Espresso vs coffee explained. While standing in line at a coffee shop, you have plenty of time to peruse the menu. Especially if the dozens of people in front of you are ordering elaborate concoctions like half-caff double caramel mochaccino, you may have read it in extremely minute detail. “Espresso?” you may have wondered. “What is that, exactly? Is it coffee?” The quick answer is that the difference between coffee and espresso is like the difference between your car and a 30 ton Mack truck.
What Does “Espresso” Mean?
Espresso is from an Italian verb meaning “to press.” The pressing referred to is part of the method for brewing espresso, which uses steam to extract flavor from the beans very quickly. Many people also infer the second meaning of “express,” which means fast: as in “express train.” And yes, espresso is not only made faster, you might even say it works faster, delivering a quick jolt in a small cup, which has 100 mg for one tiny ounce. Coffee, by contrast, has about 20 mg an ounce.
Asking for a coffee in Italy (or most of Europe) will land you a cup of espresso. Espresso is the morning beverage consumed by most Italians, so that’s what coffee is to them. To assuage Americans, who primarily drink the less potent, drip-brewed stuff every morning, they have had to invent a drink for American tourists. The result is the Americano, a coffee-strength beverage made by adding hot water to espresso to dilute it.
Brewing Coffee Vs Espresso
While the same beans can be used to make espresso or coffee (though espresso drinkers often prefer a bolder roast), the main difference at the beginning of the process is the grind. Espresso is made quickly, and the faster you brew your coffee, the finer your grind will need to be. The reason you need a fine grind is so that you have more surface area, and the hot water can smoothly and easily extract the aromatic oils (and thus, the flavor) of the beans.
Most home grinders have a “fine” setting if you want to make espresso for yourself, or just grind your beans longer, until the result is almost like a powder. Plunger coffee makers are the slowest of all, so the grind needs to be the largest. However, most home coffee makers are the drip variety, so they will require a medium grind. Just be certain that, for the best cup of coffee or espresso possible, you match the grind to the method of brewing.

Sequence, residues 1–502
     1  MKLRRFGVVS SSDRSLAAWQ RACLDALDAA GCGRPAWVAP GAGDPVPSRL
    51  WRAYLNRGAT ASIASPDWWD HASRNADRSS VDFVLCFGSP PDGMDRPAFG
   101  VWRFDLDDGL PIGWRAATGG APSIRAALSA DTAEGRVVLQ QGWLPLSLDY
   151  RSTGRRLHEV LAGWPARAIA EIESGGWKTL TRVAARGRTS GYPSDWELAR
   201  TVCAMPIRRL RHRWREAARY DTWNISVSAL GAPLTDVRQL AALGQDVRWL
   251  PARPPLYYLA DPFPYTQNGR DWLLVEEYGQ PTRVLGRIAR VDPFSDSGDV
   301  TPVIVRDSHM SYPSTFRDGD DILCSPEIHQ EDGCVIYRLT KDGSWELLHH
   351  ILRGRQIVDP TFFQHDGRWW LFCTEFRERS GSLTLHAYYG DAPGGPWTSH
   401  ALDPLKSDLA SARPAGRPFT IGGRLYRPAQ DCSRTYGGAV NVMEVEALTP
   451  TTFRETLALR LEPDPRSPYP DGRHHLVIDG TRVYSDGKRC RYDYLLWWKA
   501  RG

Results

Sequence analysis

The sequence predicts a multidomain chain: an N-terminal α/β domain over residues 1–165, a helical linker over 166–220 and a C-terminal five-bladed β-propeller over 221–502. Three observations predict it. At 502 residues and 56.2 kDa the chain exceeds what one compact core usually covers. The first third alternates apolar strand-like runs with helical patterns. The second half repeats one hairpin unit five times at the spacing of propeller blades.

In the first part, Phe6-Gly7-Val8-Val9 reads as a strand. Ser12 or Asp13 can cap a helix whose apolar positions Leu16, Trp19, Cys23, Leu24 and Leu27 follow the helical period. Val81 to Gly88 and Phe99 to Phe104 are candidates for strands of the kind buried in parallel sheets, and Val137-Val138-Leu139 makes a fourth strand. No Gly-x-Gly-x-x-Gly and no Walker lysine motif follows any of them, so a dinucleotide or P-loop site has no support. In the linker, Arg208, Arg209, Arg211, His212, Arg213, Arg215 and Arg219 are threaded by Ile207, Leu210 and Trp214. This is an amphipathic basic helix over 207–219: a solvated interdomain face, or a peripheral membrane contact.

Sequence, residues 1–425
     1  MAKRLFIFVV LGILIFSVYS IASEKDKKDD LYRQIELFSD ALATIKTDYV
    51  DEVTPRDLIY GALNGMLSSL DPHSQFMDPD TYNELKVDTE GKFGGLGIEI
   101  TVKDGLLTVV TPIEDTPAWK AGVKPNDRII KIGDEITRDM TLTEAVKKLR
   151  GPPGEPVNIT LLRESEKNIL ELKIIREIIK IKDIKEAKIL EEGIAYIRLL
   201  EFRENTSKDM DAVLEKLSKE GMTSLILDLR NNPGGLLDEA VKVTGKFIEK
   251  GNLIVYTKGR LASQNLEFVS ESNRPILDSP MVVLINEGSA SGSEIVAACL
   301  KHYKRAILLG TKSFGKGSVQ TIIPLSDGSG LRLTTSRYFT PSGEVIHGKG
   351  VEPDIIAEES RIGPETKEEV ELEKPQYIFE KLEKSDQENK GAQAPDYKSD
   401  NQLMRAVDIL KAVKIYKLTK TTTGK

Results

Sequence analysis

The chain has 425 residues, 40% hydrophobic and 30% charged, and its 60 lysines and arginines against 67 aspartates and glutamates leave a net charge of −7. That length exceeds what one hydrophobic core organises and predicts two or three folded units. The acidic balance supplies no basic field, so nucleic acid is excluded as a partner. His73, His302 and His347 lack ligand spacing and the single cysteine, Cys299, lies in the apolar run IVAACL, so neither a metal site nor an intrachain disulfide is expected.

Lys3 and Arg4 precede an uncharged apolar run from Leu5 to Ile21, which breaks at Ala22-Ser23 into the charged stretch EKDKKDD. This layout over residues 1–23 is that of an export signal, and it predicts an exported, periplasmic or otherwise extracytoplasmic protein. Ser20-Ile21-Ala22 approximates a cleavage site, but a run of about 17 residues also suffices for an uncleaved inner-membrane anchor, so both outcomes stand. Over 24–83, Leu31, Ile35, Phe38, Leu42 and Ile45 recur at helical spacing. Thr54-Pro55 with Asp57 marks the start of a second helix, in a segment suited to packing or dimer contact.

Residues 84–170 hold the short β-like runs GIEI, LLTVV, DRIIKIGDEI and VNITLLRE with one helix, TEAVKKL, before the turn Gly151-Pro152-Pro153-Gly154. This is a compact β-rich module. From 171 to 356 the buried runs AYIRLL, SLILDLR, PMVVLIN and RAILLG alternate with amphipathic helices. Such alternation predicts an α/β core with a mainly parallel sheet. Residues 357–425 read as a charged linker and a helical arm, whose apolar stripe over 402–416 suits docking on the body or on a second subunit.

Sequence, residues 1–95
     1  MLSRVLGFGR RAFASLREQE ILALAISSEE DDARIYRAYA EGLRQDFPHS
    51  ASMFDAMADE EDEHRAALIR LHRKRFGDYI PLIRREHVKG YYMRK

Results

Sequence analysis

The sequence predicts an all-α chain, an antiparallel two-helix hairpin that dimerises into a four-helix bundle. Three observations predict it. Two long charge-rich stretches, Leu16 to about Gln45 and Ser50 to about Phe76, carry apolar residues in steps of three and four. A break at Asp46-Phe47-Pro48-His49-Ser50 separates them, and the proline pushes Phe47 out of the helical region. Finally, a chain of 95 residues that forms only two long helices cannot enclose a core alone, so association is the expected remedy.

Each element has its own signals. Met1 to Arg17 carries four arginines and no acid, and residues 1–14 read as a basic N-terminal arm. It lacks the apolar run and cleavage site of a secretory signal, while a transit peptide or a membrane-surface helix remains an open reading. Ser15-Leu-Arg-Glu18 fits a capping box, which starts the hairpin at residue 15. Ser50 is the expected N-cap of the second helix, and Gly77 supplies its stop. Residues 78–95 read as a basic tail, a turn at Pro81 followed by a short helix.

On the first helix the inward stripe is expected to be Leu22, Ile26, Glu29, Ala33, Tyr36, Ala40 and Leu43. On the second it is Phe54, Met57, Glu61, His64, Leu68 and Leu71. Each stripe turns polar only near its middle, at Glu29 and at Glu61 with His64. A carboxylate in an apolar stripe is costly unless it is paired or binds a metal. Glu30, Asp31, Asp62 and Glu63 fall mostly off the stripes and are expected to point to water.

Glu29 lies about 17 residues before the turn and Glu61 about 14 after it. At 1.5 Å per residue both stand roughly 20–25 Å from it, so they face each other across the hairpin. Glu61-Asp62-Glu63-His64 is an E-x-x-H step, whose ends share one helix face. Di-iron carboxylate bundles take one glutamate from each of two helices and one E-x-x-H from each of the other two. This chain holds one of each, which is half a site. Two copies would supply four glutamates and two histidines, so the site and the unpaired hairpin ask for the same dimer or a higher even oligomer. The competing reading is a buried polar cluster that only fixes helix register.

Once the brewing actually begins, the differences between coffee and espresso are more evident. For a drip coffee maker, you simply add coffee grounds, a filter and water: gravity does the work. An espresso maker can be just a tad more difficult. Though the steam pressure forces hot (never boiling) water through the grounds on its own, there is a perfect balance between using the proper grind for the machine, maintaining the machine, and using the steam wand to add perfectly frothy hot milk if desired. That’s why the employees are known as baristas: they have skills.
Espresso Drinks and Coffee Drinks
The end result of brewing coffee vs. espresso will be evident in your cup. If you have a large cup of hot, dark liquid, you have a coffee. If you have a tiny demitasse of extremely dark liquid, you have an espresso. If you think you’ve never had an espresso, you might be surprised to learn that it’s the basis for your daily Cappuccino, which is made with a couple of shots of espresso , steamed milk, and foam. It’s also the starting point for every kind of Latte drink.
If you would prefer to have your milky coffee drink made from coffee rather than espresso, you don’t want a Cappuccino. What you need to order is a Cafe au Lait (that’s “coffee with milk” in French) or a Cafe Misto at some popular coffee shops. These differ from just adding your own creamer or milk to your cup in that the barista heats the milk before adding it to your hot coffee
Espresso isn’t just the basis for Cappuccino. If you prefer not to drink it on its own, there are dozens of ways to enjoy a cup. Some of the most popular espresso drinks not mentioned in the article follow, though the proportions may vary at your local shop. These are the traditional recipes.
Espresso Breve: Espresso with hot half-and-half instead of milk. Caffe Mocha: One-third espresso, one-third hot chocolate, one-third steamed milk. Corretto: Espresso topped off with liquor, such as brandy. Espresso Doppio: A double shot. Macchiato: Shot of espresso topped with milk foam. Espresso con Panna: Espresso with whipped cream
Espresso Vs Coffee Summary
Whether you choose the slow and steady method or the express train method for extracting your beans, if you use the right equipment and good beans, you’ll have the cup of delicious caffeinated goodness that best suits your style. So which will it be? Car or Mack truck? Just be sure to use the correct (non-car) terminology when you order from your barista.
Elizabeth Kelly is the pseudonym of a nationally published magazine writer with bylines in major newsstand magazines. Her work appears on some of the best travel and health sites on the web.